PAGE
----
Is Damon Lindelof the last truly imaginative storyteller in Hollywood?
When given the keys to one of the most recognisable comic-book properties in history, most TV showrunners would not pump their adaptation full of racial conflict, sinister theatricality and one enormous blue dildo. Damon Lindelof, it just happens. is not ‘most showrunners’.
The 46-year old caught my attention as a young teenager, the brains behind everything after the pilot of Lost, here was a guy writing a thrilling show that I loved, doing a weekly podcast about said show and seemingly more tapped into the culture and the discourse surrounding his own work than almost anyone else in the business. Lindelof very quickly became ‘my guy’. I wrote an essay about him in English class when I was 16. Five years later, I’m basically doing the same thing now. He remains one of the few creatives working in mainstream Hollywood who I trust and respect totally. There is nothing I would not watch with Lindelof’s name on it.
It’s not that he has a particularly perfect hit rate: only four years ago he and Brad Bird released the appalling, politically-dodgy Tomorrowland. He’s capable of screwing it up. Yet Lindelof, even at the worst of times, takes his influences from all the right places.
Unlike his contemporaries J.J. Abrams and David S Goyer he isn’t overly obsessed with the shadow of 1980s Amblin: Lindelof doesn’t want to make Spielberg movies, he wants to make David Lynch movies disguised as Spielberg movies. He constantly references Twin Peaks as one of his principle inspirations — the other being Alan Moore’s original Watchmen — and the surrealistic melodrama of that show is visible not only in Lost but in Lindelof’s magnum opus to date, three seasons of The Leftovers on HBO, a richly truthful emotional tapestry that questioned the purpose of spirituality and society while inspiring a decade’s worth of meme cycle with its giant inflatable Gary Busey, moving Simon & Garfunkel karaoke and bizarre utilisation of the Perfect Strangers theme song.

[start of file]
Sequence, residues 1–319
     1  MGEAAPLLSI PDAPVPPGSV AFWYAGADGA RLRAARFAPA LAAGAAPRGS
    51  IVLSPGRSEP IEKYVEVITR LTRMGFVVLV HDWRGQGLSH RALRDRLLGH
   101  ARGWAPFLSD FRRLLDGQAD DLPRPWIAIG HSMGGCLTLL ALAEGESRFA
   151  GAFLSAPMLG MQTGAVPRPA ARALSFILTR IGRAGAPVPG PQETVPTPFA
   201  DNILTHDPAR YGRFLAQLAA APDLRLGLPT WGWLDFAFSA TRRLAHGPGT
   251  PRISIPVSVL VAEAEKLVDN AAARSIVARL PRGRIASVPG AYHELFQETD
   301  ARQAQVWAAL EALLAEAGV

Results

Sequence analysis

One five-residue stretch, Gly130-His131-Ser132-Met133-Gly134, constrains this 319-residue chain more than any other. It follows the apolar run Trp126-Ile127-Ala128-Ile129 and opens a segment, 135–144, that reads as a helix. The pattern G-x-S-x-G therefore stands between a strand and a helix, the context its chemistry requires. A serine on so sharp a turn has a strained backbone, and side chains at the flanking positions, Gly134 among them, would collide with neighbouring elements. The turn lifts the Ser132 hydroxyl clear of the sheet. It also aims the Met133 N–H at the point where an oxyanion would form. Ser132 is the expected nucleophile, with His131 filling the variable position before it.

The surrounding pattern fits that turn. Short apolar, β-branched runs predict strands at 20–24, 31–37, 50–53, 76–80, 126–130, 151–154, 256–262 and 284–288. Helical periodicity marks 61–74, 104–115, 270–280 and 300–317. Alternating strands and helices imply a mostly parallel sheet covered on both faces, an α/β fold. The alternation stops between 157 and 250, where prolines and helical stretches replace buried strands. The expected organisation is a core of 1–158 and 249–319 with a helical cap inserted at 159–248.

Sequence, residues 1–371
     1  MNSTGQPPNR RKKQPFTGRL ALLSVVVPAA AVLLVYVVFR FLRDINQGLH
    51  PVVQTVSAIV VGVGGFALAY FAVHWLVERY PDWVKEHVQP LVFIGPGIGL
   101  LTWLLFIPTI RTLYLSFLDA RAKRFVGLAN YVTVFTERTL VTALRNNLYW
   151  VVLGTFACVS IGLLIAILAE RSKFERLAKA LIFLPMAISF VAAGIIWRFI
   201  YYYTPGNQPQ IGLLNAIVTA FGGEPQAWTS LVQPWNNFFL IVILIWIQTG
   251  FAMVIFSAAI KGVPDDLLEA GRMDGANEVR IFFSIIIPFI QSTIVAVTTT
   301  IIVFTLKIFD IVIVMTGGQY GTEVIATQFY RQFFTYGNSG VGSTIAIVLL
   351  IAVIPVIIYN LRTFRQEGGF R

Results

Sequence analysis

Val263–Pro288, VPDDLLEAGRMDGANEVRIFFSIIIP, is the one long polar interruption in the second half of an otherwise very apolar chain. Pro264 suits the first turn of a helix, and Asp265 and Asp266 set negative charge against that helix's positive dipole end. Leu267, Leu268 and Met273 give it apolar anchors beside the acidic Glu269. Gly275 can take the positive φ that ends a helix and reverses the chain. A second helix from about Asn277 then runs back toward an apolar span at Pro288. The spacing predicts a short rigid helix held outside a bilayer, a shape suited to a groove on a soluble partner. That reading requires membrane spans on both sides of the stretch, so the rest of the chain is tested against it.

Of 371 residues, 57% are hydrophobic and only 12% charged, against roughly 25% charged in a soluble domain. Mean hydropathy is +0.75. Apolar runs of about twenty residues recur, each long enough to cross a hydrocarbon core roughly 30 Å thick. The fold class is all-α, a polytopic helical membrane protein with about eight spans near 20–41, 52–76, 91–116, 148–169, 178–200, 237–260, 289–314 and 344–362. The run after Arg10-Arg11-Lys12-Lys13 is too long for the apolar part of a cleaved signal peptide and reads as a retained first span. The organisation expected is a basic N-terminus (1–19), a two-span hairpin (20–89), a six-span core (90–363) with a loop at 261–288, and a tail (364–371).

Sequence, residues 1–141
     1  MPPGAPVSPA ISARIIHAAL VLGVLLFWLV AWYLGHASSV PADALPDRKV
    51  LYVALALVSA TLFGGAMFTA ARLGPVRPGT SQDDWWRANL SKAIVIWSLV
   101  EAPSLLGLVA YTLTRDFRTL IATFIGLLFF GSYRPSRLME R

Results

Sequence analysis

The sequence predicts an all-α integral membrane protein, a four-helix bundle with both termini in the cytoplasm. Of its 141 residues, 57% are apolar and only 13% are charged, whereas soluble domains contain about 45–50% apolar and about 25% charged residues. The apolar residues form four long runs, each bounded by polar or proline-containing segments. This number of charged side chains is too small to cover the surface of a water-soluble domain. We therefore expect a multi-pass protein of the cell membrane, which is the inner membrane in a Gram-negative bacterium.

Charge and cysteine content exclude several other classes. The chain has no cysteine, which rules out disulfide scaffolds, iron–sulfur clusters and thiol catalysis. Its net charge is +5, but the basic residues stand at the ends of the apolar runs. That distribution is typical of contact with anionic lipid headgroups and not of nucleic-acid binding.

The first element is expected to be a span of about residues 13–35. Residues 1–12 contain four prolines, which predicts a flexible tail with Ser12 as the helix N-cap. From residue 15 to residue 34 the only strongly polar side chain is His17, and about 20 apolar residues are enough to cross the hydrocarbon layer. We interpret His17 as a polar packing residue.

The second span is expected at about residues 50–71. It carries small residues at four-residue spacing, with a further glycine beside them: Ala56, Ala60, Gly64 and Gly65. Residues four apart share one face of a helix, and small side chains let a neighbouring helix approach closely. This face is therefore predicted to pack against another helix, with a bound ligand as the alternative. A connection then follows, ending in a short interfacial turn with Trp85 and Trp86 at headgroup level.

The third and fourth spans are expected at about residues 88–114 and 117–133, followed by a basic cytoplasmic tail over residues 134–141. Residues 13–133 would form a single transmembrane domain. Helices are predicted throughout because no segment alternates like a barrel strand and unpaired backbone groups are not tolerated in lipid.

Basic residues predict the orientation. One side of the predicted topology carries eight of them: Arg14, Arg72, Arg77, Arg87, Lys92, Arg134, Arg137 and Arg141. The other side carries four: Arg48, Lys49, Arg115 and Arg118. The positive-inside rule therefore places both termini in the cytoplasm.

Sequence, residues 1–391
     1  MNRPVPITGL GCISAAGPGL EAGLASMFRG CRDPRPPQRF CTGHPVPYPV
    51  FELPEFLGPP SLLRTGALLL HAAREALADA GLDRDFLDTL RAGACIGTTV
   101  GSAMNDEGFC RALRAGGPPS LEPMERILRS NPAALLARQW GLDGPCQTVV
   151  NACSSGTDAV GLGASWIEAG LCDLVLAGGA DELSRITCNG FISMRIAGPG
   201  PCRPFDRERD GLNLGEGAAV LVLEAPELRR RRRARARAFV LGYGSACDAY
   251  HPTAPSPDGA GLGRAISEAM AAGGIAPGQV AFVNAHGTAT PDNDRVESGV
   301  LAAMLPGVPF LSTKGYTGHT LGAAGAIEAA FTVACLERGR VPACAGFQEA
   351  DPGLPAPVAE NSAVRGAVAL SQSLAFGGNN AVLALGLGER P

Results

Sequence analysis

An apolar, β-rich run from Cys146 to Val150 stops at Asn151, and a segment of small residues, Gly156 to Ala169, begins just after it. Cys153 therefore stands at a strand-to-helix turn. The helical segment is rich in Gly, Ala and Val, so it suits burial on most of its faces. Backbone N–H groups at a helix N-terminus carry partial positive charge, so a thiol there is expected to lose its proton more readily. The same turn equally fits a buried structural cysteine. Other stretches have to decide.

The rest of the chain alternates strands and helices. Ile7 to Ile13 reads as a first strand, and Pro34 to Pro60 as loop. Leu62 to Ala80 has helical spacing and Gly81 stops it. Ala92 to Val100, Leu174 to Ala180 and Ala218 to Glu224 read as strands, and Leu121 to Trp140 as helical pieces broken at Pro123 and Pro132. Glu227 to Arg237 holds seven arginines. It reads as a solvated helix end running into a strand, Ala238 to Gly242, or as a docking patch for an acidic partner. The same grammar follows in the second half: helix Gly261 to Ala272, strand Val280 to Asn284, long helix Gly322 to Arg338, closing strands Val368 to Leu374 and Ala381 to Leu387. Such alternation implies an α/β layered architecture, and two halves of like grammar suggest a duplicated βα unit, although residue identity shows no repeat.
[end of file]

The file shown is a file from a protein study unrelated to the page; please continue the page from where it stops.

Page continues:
Lindelof is spectacularly skilled at crafting engaging, intimidatingly complex narratives, but his main talent is his ability to inject absurdism of the highest degree into nihilistic landscapes. And this brings us to Watchmen, easily the most exciting and adventurous comic-book adaptation since Christopher Nolan’s Dark Knight movies, a formidable merging of American — particularly black — history with the concept of masked vigilantism. It’s funny and frightening and has a beautiful clarity to its realisation: I adore when a TV show inspires me to hit Wikipedia to read about historical events. Nobody except Lindelof, Sorkin and maybe Sam Esmail and Noah Hawley ever seem to do this. Lindelof continues to be the sharpest, smartest commentator on his own output: HBO launched an official Watchmen podcast which sees him analysing the show’s subtextual references with Craig Mazin of Chernobyl fame. It’s almost as enjoyable as the show itself.
Long may Lindelof be the author of his own Hollywood mythology. I wish there were more storytellers like him.